308 affordable apartments coming to Ypsilanti through new developments under construction

Media Mention

By Kate Klemp May 25, 2023

Originally Published in MLive

Construction is underway on two parallel housing developments at 845 and 945 Clark Road, bringing the promise of affordable apartments to a city people say is in desperate need of them.

“It’s important that we recognize that what’s being built here is more than a building,” said Ypsilanti City Council Member Desirae Simmons. “It’s a community, and it’s a beautiful addition to our community here in the city of Ypsilanti.”
Simmons — who before she was elected shaped the projects by serving on a citizens committee that negotiated with developers — made the pronouncement overlooking the site across the river from Eastern Michigan University during a ground-breaking ceremony Wednesday, May 24.
Developers with Lincoln Avenue Capital, the California-based company that invests in affordable projects across the country, gathered with Michigan housing officials and city council members to mark the occasion.
Rising from the dirt during the next year and a half will be a series of buildings. One portion, dubbed Huron Vista, will bring 156 units for individuals and families, split between one-, two- and three-bedroom apartments. The other, The Residences at Huron, involves 156 one- and two-bedroom apartments for senior housing.

“Residents of Washtenaw County, like so many Americans across the country, face a persistent housing crisis. It’s a real issue,” Lincoln Avenue Capital Chairman Neal Schore said.

The project is meant to help, with all units reserved for residents with below-average incomes, including some 40% or under the county’s median income.

“This is the way we have to do affordable housing. It’s not easy, but it does get the products delivered that we need into communities that are going to last quite a while,” said Tony Lentych, Michigan State Housing Development Authority chief housing investment officer.

The agency is providing tax credits and tax-exempt bonds. The city also played a significant role through an arrangement forfeiting much of the new property taxes generated by the construction, in exchange for the affordability measures.

The development was one of the test runs for the city’s community benefits ordinance, unique rules requiring developers to negotiate with residents to mold projects getting public support.

When citizens groups fought for the passage of the ordinance in 2018, detractors claimed it would discourage developers from coming to the city, Simmons said. Five years later, two projects have gone through the process, with a third on the way.

“It wasn’t all rabbits and rainbows but we came in with serious questions, with serious desires of what we wanted to see in the community and we had a serious partner. And so we were able to move things forward that we didn’t know that we could do,” Simmons said.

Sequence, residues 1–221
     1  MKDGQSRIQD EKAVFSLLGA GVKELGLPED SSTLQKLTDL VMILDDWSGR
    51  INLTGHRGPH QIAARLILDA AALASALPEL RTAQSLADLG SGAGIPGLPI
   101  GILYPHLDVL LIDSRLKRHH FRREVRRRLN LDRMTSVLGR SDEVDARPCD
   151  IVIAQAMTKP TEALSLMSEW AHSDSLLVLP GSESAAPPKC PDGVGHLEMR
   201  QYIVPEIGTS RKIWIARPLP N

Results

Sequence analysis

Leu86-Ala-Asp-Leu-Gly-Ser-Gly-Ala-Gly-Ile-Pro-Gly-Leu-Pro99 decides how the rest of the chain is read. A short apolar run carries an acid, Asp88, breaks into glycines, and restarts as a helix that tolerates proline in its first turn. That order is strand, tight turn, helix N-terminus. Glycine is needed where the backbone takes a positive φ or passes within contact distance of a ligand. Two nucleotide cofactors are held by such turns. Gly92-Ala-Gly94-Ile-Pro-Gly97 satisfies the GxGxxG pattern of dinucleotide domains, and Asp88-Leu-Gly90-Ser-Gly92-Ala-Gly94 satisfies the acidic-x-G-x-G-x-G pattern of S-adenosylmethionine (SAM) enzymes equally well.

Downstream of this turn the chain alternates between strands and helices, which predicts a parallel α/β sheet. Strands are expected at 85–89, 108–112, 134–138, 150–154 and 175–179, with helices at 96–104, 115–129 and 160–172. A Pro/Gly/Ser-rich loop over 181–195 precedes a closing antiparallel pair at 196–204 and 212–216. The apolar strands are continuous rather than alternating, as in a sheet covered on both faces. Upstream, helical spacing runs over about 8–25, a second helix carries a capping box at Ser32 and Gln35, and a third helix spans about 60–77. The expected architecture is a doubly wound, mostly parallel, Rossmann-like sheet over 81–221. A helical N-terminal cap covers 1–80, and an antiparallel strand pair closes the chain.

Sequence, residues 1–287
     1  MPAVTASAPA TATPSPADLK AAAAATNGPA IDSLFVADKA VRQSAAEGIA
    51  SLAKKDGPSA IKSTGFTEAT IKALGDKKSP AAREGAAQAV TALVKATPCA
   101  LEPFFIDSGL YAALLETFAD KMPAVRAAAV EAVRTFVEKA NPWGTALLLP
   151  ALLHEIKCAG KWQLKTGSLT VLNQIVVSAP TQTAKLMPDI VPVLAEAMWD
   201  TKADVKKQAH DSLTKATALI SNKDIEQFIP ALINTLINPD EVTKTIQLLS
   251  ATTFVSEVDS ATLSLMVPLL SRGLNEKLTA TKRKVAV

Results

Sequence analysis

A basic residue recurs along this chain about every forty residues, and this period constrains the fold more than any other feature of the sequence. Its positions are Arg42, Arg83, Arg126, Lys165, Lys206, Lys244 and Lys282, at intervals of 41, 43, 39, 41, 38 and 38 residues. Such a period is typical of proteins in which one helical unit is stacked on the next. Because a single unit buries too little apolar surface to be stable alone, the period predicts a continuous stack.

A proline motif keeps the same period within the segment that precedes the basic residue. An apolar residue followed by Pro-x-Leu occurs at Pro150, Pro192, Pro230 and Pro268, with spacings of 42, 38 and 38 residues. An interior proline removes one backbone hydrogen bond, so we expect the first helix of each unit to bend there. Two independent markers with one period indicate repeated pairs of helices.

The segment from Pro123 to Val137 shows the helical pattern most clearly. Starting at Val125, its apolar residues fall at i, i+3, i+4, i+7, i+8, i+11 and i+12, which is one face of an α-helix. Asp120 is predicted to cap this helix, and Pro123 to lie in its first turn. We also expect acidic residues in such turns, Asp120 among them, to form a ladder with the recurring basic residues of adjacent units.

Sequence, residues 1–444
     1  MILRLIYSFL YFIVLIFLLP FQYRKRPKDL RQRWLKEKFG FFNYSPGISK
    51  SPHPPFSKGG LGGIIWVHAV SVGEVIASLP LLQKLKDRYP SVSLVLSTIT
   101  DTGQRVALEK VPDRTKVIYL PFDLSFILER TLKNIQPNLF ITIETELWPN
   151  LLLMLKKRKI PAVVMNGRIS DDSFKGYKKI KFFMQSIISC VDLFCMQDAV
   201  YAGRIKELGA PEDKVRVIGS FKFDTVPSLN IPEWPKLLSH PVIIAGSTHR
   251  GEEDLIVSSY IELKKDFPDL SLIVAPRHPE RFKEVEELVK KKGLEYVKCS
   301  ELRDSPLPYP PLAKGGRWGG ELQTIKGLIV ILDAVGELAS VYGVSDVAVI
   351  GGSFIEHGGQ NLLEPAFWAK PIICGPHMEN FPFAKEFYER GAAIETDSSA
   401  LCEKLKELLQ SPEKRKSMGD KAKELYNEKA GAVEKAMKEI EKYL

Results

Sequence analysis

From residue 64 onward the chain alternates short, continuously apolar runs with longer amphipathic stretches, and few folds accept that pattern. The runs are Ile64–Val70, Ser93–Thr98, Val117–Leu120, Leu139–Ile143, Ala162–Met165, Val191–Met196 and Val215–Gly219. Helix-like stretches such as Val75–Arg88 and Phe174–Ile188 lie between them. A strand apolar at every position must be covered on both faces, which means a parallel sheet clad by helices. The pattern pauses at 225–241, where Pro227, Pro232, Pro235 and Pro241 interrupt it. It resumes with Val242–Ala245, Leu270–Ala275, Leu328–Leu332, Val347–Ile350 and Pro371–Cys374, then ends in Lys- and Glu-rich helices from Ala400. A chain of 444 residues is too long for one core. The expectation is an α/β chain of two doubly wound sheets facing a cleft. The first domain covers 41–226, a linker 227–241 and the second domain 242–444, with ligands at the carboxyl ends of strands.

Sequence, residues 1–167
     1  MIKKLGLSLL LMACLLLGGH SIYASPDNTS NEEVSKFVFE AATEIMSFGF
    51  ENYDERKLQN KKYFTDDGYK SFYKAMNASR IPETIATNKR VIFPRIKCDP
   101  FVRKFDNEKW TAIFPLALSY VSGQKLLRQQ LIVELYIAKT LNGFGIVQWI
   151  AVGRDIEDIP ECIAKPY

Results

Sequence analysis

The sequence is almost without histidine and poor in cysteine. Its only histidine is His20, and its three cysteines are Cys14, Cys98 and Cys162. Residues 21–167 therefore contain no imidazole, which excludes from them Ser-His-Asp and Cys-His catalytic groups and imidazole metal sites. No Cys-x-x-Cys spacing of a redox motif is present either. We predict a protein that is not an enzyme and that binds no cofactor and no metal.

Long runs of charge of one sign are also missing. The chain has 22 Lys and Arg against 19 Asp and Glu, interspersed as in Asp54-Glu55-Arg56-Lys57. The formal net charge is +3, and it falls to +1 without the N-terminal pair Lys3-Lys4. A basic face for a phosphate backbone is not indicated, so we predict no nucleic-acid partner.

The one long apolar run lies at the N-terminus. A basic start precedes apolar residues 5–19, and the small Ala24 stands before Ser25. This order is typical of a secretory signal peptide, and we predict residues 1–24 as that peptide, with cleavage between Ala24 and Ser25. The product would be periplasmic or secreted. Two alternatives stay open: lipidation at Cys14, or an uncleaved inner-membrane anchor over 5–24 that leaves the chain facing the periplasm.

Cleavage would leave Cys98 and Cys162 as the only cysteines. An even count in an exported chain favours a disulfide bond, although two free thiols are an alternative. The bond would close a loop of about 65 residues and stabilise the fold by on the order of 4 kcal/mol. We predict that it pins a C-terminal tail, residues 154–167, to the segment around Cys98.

An agreement produced by negotiations with Lincoln Avenue Capital included boosting the number of more affordable apartments, creating space for a “free store” or food pantry at Huron Vista and the formation of a tenant governance council.

City Council OK’d the deal in June 2022, though some city leaders lamented the project would effectively destroy an old-growth oak forest, much of which has now been cut down.

The tax incentive was also not without controversy, with some arguing it wouldn’t result in enough benefit for the city as a whole and was unwise with Ypsilanti facing budgetary challenges.

Even with the agreement and financing in place, other behind-the-scenes roadblocks threatened to derail the project.

In November, with the project fully approved and financing ready to go, the general contractor set to make it a reality walked away, Lincoln Avenue Capital Developer Kyle Brasser said.

“I was scared,” he said. “These two projects that I spent two years working on were failing miserably.”

Developers found an alternate construction team, Wolverine Building Group, to take on the project.

“They’re honestly one of the only reasons we’re all standing here,” Brasser said.

Brasser, the public face of the project as it moved through Ypsilanti’s approval process, hailed the development as effective collaboration between developers and public officials.

“If you involve members from the private sector and the public sector in a true partnership what you get is a much better end result,” he said.

Construction is slated to continue throughout the year and into 2024, with the buildings ready for occupancy in fall 2024, according to the developer.

“We did this to answer a need in our community for more affordable housing, for more housing opportunities and choices for seniors, for more places for people who are single and for families to live that is beautiful and joyous,” Simmons said.